"From our research and what we've seen in the market, we see the people are using their phones more and more in their cars," Brenner said. "They don't want to leave the connectedness and benefits of having the cloud and the internet with them right now. But in many states like New York and California it's illegal to even touch your phone. So we really looked at this as something that we can do to help keep people safer. We combine the great stuff of your phone with the things that the car is great at."

In the case of the Hyundai Sonata, that looks something like this: Using an array of buttons on the car's steering wheel, a dashboard touchscreen, and your voice, you can make calls, navigate to a chosen destination, and turn on the radio — or a favorite music app.

While Android Auto might reduce the need — or temptation — to pick up a phone while driving, it does have some limitations. It doesn't recognize voice commands unless they're spoken in a very specific format. So, for example, ending navigation is not as easy as uttering something intuitive like "end navigation" or "stop navigation." Attempting to do exactly that during my test drive, I ended up distractedly paging through a touchscreen help menu until I discovered the proper voice command: "cancel route."

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Several other Android Auto functions felt like they might be more easily accomplished manually. While Android Auto does recognize spoken phone numbers, it takes several seconds do so, and asks users to navigate a number of additional prompts and verifications before it actually dials them. You can expedite the process via the Sonata's touchscreen, but that requires looking away from the road.

Android Auto does make driving directions quite a bit easier, thanks to tight integration with Google Now. Navigating to a nearby airport is as simple as pressing the microphone button and saying, "Find John F Kennedy airport." It also makes it easier to access some third-party apps via the Sonata's in-car touchscreen.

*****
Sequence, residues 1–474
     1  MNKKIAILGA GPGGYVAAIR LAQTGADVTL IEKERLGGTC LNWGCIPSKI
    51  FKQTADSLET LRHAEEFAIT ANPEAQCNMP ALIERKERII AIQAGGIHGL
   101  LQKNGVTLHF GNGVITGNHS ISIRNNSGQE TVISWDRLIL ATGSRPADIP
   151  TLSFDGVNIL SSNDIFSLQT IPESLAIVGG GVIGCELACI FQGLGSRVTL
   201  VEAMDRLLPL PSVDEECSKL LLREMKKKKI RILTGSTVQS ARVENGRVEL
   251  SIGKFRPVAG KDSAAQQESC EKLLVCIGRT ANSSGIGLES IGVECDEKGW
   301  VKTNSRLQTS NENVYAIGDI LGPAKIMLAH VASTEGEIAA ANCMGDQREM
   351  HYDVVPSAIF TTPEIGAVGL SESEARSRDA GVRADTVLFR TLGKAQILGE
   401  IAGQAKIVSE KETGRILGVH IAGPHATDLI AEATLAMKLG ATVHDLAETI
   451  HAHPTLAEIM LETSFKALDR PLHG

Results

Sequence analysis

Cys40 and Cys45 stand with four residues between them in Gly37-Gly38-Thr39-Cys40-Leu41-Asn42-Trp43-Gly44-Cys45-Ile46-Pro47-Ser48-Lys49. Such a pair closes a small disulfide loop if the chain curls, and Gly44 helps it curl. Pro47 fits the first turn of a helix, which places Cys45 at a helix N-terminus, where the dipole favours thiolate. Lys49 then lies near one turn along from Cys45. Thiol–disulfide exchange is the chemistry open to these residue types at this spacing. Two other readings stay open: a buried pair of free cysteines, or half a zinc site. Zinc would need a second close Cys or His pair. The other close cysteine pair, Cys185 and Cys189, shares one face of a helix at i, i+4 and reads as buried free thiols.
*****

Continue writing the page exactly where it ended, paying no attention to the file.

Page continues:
"We looked at what people did in their cars other than Google apps," Brenner told BuzzFeed News. "Music apps is really high on the list. ... So what we did was, we took the same user interface that we used for our own apps and we gave that to third parties. For example, one of our partners Spotify. Now you can download Spotify onto your phone and if you have Android Auto you can automatically use [the Spotify app] through Android Auto on the Sonata screen with some very small modifications through their code."

And what about questions of data security? Brenner said that since Android Auto requires a USB connection between car and mobile device, it's "actually as secure as your phone. "All of what you see on the car is what's on your phone. ...The USB cable is just sending video. All the data isn't actually 'known' to the car so there is no increased security risks from the data. The car isn't getting a transfer of the data from the phone."

For an in-car mobile system to truly be effective, it must entirely eliminate the need to pick up a phone while driving. Android Auto hasn't reach that point just yet. But it's a reasonable first step. And an interesting peek at what's to come.

A BuzzFeed News investigation, in partnership with the International Consortium of Investigative Journalists, based on thousands of documents the government didn't want you to see.